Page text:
The opinion of the court was delivered by: Ludwig, J.
This action is based on an aircraft collision over the Hudson River on August 8, 2009.*fn1 On that date, plaintiff's decedent was piloting a single-engine fixed-wing aircraft from Teterboro to Ocean City, New Jersey when a helicopter owned by defendant Meridian Consulting I Corporation, and operated by defendant Liberty Helicopters, Inc. for sightseeing tours, also entered the Hudson River air traffic. The resulting accident caused the death of plaintiff's decedent. On September 30, 2009, plaintiff commenced this action and, on October 29, 2009, filed an amended complaint. Defendants are Meridian, Liberty, American Eurocopter, LLC (seller of the helicopter), and four insurance companies - United States Aviation Underwriters, United States Aircraft Insurance Group, Allianz Global Risks US Insurance Company, and Arch Insurance Company.*fn2 Because neither complete diversity or a federal question is present, this action must be dismissed. 28 U.S.C. §§ 1332, 1332.
Plaintiff is a citizen of Pennsylvania. Amended complaint, ¶ 1. Defendant USAIG, "a joint underwriting association consisting of member insurance companies... has a principal place of business in Pennsylvania and does business in Pennsylvania through many brokers and is licensed here." Id., ¶ 7. ACE American Insurance Company, a company organized and existing under the laws of of the Commonwealth of Pennsylvania, is a member company of defendant USAIG. Defendants' motion, ¶ 11 and Declaration of William F. Ranieri,*fn3 Exhibit 1, defendants' motion. In determining diversity, an unincorporated association is considered a citizen of each state where any one of its members is a citizen, and all member companies must be diverse from the opposing party. RLI Ins. Co. v. United States Aviation Underwriters, Inc., 739 F. Supp. 1219, 1221 (N.D. Ill. 1990), citing Carden v. Arkoma Associates, 494 U.S. 185 (1990) ("The Supreme Court [has] held that the citizenship of every member of an unincorporated entity must be considered for diversity purposes."). Moreover, "[a]ll members of an incorporated association must be diverse from the opposing party; it is irrelevant whether the unincorporated association is plaintiff or defendant." Rockwell Int'l Credit Co. v. United States Aircraft Ins. Group, 823 F.2d 302, 304 (9th Cir. 1987), overruled on other grounds by Partington v. Gedan, 923 F.2d 686 (9th Cir. 1991). Under this rule, diversity does not exist.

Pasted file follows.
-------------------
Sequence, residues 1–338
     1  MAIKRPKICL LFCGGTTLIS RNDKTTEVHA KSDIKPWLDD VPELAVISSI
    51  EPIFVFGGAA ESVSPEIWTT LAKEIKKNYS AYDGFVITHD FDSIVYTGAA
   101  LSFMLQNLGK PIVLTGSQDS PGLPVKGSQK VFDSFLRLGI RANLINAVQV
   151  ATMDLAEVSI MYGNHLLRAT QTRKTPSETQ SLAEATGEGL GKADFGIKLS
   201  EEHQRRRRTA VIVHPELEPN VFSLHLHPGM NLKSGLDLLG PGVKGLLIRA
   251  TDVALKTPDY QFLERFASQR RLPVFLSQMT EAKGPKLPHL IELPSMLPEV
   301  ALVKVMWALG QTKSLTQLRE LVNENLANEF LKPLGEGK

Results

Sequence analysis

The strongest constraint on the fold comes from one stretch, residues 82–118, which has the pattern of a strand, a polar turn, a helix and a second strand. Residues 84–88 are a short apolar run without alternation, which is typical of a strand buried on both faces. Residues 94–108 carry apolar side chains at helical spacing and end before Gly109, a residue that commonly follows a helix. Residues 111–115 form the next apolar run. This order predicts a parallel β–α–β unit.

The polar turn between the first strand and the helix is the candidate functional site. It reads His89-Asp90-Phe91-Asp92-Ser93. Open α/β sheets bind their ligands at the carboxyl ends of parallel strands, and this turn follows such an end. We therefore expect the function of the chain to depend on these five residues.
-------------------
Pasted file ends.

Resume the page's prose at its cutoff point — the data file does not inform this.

Plaintiff concedes that diversity jurisdiction did not exist at the time of filing, and does not at present, but to cure the jurisdictional defect, moves for dismissal of USAIG. USAU and USAIG oppose this request, arguing that USAIG is an indispensable party. Fed R. Civ. P. 19(b).
The claims against the insurer defendants, including USAIG, are as follows:
fraudulent claim and false swearing in violation of the Pennsylvania Unfair Insurance Practices and Unfair Trade Practices and Consumer Protection law (Count VI); negligence (Count VII); breach of contract (Count VIII); and conspiracy and concerted action to commit fraud, false claim and intimidation to deter exercise of constitutional rights (Count IX). The facts forming the basis for the claims are asserted against the insurers collectively. Amended complaint, ¶¶ 34-52. Moreover, with respect to USAIG's participation in the insurance of Liberty and Meridian, "a contracting party is the paradigm of an indispensable party." Travelers Indem. Co. v. Household Intern., Inc., 775 F. Supp. 518, 527 (D. Conn. 1991), citing Cloverleaf Standardbred Owners Ass'n, Inc. v. National Bank of Washington, 699 F.2d 1274, 1279-80 (D.C. Cir. 1983). Because USAIG is a contracting party, and, as such, indispensable, this action cannot proceed without it, and plaintiff's motion must be denied. Because plaintiff cannot cure this jurisdictional defect, her motion to amend must be denied as futile.
The other basis for jurisdiction, federal question, is also challenged by the insurer defendants. They assert that plaintiff's claim under the Federal Tort Claims Act does not confer jurisdiction and note that the amended complaint does not allege plaintiff's exhaustion of administrative remedies. Plaintiff filed a claim against the United States on September 30, 2009. The claim has not been formally denied, and the six-month waiting period will not expire until March 30, 2010. Moreover, the United States is not a party to this action, having not yet substituted itself for the individual air traffic controllers named in the amended complaint.*fn4
Because no basis for the exercise of subject matter jurisdiction exists, this action must be dismissed.